New York-based credit rater Kroll Bond Rating Agency (KBRA) has updated its residential mortgage default and loss model, incorporating a new methodology that projects loan-by-loan default, loss, and prepayment on residential loans in order to track non-agency residential mortgage-backed securities (RMBS), KBRA announced.
The new methodology uses revisions that reflect additional data analysis and evolving origination trends, and is an update to KBRA's RMBS model methodology originally released three years ago in January 2012.
Substantive revisions were made to the model in three areas:
- Reduced default expectations for purchase loans. KBRA adjusted the model's treatment of purchase loans "to reflect lower default expectations relative to equivalent refinancing mortgages," according to the methodology report. This adjustment was made based on KBRA's analysis of both jumbo and conforming mortgages which found that the traditional benefits of purchase loans remain well established.
- Revised timeline and expenses for liquidated loans. To better reflect historical data, the new model reduces the amount of time a loan is assumed to be REO. While this adjustment will result in a reduction of carrying expenses, "it also has the effect of better aligning peak liquidation periods with the peak home price stress, therefore, the net effect is to increase loss severity," KBRA wrote in the methodology report.
- Penalty for high debt-to-income ratio loans. KBRA wrote that although the model does not contain specific DTI-based risk parameters, they believe high DTI loans can "bear significant incremental risk," and therefore the agency assigned an additional default penalty to loans with back-end DTIs that exceeded 45 percent.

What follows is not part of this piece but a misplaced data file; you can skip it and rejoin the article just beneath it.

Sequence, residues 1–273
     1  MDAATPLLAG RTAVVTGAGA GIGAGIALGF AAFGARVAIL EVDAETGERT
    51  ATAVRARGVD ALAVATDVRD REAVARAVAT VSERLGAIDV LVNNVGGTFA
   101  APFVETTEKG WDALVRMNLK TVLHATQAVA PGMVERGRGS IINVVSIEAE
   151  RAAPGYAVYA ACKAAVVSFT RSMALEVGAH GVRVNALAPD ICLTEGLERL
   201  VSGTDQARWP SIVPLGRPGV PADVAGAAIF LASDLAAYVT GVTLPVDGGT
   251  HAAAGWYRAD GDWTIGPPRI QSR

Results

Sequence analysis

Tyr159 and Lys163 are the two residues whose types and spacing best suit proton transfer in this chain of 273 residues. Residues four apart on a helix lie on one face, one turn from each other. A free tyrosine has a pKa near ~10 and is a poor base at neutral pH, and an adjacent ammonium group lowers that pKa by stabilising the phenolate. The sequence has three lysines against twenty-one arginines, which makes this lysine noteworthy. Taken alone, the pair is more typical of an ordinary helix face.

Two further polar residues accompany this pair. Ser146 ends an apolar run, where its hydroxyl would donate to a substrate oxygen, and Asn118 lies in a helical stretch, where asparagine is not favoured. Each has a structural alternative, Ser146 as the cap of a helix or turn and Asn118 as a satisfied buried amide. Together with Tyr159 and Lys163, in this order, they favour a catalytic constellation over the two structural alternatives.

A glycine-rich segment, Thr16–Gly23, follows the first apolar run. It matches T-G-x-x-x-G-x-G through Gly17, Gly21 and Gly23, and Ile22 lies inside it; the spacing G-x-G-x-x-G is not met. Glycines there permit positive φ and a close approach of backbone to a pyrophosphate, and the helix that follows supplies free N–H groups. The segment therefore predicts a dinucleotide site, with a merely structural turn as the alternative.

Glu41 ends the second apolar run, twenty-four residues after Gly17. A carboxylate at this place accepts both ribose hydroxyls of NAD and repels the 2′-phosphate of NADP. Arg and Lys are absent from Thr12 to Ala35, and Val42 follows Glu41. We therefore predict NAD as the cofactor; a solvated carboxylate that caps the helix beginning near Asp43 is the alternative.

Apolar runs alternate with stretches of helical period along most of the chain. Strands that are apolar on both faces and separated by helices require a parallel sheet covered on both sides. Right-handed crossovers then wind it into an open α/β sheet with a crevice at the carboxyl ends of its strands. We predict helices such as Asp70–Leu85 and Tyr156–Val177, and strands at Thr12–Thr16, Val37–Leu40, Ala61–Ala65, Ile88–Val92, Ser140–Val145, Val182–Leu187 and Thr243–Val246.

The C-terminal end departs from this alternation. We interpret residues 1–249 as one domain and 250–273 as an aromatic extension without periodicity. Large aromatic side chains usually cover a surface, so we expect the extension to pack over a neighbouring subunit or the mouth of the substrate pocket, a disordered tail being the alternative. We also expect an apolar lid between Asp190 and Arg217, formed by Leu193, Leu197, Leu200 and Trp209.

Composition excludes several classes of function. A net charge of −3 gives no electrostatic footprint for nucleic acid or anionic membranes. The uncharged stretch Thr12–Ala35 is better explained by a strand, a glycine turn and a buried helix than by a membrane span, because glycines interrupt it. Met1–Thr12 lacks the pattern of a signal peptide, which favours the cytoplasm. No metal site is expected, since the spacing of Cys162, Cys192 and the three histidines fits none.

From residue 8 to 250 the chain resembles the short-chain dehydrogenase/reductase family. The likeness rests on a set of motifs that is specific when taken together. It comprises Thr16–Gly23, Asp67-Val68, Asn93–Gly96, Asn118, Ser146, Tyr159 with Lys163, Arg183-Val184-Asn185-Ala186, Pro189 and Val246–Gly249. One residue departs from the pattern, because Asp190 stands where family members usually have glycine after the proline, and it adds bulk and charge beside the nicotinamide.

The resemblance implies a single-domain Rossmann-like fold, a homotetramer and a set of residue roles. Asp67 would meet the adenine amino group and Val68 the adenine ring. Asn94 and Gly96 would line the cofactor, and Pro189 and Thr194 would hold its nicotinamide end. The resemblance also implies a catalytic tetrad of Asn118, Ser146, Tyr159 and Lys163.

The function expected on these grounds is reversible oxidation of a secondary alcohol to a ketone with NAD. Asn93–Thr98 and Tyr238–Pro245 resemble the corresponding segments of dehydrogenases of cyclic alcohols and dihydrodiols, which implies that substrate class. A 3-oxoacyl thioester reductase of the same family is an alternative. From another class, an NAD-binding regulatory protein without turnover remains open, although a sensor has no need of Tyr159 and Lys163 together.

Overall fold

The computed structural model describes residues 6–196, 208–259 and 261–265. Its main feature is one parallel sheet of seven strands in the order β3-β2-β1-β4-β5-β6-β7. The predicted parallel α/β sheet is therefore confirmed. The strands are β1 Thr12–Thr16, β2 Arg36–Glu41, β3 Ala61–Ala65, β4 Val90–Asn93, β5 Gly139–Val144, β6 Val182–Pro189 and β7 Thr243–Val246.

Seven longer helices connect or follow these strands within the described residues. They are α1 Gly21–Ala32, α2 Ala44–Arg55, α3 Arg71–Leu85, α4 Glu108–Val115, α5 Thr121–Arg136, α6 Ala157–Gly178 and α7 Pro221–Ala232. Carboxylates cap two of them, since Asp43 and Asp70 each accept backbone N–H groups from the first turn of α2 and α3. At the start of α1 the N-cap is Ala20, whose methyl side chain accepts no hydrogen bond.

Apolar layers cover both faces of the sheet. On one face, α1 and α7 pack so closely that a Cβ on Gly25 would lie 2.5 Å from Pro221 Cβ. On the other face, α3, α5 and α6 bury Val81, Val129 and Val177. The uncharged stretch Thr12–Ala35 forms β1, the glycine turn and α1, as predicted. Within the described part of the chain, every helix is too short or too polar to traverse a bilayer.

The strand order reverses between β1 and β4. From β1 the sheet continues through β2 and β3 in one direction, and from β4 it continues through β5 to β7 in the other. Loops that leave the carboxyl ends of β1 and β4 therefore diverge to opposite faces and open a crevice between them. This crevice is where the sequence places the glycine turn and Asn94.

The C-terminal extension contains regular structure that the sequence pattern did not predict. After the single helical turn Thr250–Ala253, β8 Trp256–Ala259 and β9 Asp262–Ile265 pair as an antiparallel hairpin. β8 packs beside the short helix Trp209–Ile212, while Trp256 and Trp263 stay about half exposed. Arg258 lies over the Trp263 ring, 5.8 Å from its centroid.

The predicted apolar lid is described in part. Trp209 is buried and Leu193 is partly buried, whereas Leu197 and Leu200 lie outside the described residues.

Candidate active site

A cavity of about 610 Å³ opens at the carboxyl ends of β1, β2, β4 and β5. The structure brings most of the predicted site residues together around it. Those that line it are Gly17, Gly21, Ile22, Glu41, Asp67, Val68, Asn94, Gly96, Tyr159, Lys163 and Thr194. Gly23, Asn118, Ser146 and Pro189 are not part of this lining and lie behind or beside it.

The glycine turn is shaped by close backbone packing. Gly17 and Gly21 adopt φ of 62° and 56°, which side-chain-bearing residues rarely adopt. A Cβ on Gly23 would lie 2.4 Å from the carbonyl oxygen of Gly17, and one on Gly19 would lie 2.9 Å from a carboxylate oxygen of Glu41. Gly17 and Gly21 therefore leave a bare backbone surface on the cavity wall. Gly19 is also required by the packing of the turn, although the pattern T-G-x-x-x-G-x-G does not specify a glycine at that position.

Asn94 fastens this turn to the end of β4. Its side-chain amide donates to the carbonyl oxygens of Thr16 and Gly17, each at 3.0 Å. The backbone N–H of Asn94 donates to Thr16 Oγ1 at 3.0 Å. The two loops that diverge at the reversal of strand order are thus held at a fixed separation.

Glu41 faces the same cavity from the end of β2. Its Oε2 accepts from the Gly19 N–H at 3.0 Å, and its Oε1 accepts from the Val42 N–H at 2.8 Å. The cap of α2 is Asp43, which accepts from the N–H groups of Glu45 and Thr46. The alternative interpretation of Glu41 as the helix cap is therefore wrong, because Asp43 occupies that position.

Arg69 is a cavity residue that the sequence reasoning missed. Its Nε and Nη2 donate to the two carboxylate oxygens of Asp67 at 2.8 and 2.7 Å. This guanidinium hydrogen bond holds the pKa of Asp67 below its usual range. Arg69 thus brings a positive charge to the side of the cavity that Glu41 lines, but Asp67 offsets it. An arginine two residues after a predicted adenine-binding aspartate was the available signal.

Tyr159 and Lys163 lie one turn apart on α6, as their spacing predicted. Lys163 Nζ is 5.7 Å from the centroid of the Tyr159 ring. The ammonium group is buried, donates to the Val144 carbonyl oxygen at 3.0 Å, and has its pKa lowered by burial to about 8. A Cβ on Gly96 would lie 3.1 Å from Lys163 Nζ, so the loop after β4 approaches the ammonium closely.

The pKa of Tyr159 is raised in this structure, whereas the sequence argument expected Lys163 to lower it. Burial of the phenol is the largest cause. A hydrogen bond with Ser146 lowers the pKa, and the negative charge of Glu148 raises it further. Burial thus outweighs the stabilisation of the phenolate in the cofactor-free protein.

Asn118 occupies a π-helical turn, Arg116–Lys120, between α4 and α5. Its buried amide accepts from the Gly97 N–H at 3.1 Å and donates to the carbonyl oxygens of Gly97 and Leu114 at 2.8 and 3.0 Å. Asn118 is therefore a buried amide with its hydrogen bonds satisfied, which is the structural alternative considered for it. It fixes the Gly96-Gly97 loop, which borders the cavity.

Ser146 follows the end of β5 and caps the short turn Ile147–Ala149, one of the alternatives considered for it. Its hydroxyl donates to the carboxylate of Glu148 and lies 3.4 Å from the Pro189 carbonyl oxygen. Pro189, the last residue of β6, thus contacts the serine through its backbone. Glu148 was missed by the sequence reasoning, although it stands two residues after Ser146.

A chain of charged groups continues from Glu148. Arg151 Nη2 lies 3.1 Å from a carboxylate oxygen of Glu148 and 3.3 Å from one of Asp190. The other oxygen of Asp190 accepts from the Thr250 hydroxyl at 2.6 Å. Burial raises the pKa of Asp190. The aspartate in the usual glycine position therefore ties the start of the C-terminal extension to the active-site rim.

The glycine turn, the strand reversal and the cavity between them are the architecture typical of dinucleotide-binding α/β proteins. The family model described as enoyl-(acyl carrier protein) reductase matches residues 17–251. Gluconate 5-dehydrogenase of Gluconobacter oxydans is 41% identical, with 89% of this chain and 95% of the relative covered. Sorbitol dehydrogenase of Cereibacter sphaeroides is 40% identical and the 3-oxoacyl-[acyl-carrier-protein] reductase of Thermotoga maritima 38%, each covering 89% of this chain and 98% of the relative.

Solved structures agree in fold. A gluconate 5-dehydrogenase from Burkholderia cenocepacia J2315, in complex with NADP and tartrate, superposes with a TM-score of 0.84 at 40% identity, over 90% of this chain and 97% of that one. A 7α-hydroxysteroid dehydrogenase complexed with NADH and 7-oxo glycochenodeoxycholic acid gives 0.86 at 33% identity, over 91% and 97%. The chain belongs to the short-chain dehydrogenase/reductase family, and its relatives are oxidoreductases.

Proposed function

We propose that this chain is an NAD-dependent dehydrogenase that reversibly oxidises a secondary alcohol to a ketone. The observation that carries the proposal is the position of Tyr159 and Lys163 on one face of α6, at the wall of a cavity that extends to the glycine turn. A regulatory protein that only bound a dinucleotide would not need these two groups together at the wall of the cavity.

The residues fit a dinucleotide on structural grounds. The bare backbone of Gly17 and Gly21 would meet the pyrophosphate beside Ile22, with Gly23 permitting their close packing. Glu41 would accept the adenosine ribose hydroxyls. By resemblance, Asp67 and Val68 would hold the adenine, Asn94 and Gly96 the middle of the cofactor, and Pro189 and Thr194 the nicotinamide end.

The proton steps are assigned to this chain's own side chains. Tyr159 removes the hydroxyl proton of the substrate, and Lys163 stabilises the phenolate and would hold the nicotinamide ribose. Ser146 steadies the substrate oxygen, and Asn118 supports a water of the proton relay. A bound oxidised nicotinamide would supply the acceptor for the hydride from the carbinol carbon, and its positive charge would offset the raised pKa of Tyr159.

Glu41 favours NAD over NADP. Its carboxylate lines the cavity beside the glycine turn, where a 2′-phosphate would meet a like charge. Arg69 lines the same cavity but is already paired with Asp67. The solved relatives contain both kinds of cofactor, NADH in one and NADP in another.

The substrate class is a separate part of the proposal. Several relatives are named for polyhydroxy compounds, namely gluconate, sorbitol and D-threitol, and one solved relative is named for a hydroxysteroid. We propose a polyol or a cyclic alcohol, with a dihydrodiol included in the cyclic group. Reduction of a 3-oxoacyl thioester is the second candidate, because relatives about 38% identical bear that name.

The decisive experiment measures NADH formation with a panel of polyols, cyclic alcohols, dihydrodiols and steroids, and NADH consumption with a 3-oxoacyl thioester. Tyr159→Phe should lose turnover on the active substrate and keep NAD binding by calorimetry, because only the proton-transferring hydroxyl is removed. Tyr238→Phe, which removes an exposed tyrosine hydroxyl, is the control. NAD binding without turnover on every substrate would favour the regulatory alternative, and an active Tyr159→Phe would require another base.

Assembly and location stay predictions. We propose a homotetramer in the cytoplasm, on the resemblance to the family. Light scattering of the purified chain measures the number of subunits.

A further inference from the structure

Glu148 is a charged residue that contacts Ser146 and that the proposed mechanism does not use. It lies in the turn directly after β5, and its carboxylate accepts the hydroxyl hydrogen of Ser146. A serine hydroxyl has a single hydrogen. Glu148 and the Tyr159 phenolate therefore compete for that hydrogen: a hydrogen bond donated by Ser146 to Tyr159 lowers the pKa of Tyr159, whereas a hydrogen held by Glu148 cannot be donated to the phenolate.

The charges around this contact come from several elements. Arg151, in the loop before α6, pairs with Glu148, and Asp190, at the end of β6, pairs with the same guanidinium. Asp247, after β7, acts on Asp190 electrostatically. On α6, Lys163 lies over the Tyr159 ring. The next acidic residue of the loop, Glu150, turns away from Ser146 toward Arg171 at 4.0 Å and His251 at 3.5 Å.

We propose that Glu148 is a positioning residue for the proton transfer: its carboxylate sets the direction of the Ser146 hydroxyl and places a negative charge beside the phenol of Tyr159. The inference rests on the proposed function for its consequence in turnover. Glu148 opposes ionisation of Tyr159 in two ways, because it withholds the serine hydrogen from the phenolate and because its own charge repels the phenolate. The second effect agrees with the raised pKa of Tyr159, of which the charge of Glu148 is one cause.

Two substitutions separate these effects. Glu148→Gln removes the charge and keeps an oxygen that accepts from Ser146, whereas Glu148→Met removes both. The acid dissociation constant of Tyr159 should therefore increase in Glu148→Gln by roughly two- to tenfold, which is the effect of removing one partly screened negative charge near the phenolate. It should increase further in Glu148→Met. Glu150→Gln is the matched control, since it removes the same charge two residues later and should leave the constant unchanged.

The original model continues to serve as the basis for KBRA's PD (probability of default) model. The updated model is a transition model that uses CoreLogic's LoanPerformance (LP) database as the basis for a regression analysis of more than 20 million residential mortgage loans and their performance from 2000 to 2010. The revisions made to the mortgage default probabilities in the latest methodology report have been implemented as adjustments to KBRA's original recession model.
The methodology report, entitled the Residential Mortgage Default and Loss Model, includes data such as calculation for loss severity, expected loss for defaulted loans, rationale and definition for levels of default, and loss stress associated with each rating category. The report documents the elements as well as the predictive power of the default and prepayment model.
The report also discusses additional modeling considerations such as geographic concentration and cash flow structure analysis.